Bringing the colours of nature into her work, artist and journalist Cathy Dillon is harvesting local plants to create her own pigments and ink
THE EXISTENCE OF COLOUR is one of the great gifts of the physical universe, and the ability to see and appreciate it is one of its greatest gifts to us. While we can’t detect the full spectrum, the rainbow of hues visible to us represents one of the greatest pleasures and comforts of daily life.
And so on to Dublin, where journalist (and former Irish Times colleague) Cathy Dillon has been going beyond the black and white of newsprint. No longer just writing, she’s exploring a love from her past – visual arts. To do this, she is quite literally going back to the roots of writing and pictorial communication by foraging for and processing plants to to make her own pigments and ink.
Cathy, who’s always dabbled with drawing and painting, faced into a journalism career path when she decided to study English instead of visual arts. After 17 years at the Irish Times, she decided to go back to freelance work, and has augmented her writing and editing activity with drawing and painting. Making inks is a way of getting back to the foundation of written communication. “It’s the intersection of visual arts and text,” she says. “Letters are beautiful and intriguing.”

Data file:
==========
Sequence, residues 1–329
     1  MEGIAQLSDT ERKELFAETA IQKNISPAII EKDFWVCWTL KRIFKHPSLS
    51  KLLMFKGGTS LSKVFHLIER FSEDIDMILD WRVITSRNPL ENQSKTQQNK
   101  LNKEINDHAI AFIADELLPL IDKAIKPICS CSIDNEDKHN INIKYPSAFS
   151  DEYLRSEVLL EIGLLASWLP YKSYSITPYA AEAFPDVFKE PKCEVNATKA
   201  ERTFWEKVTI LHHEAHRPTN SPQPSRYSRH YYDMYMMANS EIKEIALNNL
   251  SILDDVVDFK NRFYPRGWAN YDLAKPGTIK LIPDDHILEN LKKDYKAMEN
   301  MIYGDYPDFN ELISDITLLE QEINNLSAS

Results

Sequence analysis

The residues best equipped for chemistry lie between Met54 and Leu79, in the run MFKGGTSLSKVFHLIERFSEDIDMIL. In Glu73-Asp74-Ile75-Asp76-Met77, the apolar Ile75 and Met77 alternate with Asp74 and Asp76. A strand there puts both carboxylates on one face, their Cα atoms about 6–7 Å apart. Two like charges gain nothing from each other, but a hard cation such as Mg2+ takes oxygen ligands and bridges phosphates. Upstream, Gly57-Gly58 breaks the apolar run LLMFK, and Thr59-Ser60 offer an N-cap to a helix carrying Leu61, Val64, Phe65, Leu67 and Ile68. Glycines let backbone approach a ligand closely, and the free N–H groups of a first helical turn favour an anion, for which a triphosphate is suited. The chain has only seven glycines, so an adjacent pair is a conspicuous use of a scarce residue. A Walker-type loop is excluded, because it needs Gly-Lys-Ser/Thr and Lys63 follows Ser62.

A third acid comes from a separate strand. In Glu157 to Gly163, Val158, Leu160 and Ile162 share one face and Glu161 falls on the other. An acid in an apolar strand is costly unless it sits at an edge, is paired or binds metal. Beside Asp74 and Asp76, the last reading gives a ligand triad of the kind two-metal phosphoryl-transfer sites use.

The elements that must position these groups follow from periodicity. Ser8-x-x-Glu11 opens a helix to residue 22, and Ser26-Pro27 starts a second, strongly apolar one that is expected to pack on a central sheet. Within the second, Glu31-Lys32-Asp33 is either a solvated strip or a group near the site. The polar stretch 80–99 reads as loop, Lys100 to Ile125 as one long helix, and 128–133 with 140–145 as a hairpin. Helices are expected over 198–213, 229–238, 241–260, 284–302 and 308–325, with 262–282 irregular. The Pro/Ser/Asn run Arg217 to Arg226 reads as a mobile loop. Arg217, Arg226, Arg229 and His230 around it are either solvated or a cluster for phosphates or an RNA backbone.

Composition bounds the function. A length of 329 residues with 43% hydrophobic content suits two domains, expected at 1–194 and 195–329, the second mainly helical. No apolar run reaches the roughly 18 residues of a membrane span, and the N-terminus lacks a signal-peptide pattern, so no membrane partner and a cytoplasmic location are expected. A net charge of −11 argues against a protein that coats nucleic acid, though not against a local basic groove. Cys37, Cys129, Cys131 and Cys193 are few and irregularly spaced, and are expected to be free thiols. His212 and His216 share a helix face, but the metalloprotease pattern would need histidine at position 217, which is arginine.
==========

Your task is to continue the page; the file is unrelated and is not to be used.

She started her exploration into natural pigment production when she embarked on a joint work with another local artist, Áine Teahan. For the Hinterland project, she got the idea to make wild inks with flora from the area. “I started to readbooks about wild inks, and there’s an active network of people who make them,” Cathy says. “I go foraging in the area and experiment with different things.”
In that field you’ve just walked through, or that park you’ve crossed on the way to the supermarket, or even just a bit of neglected green, you might have seen some of the vegetation that, properly treated, can yield beautiful pigments for writing, drawing and painting. Naturally growing items such as rose hips, blackberries, fennel, eucalyptus, birch bark and nettles can all be transformed into something into which to dip your brush and bring colour to the page. Most recently, she harvested your fairly standard black-eyed susans, happily growing in profusion along a path near Dún Laoghaire. She says that she always takes care to follow the general rules for foraging: only gather what is abundant. Take only as much as you need. And always ask permission if the plants are on private or publicly owned land.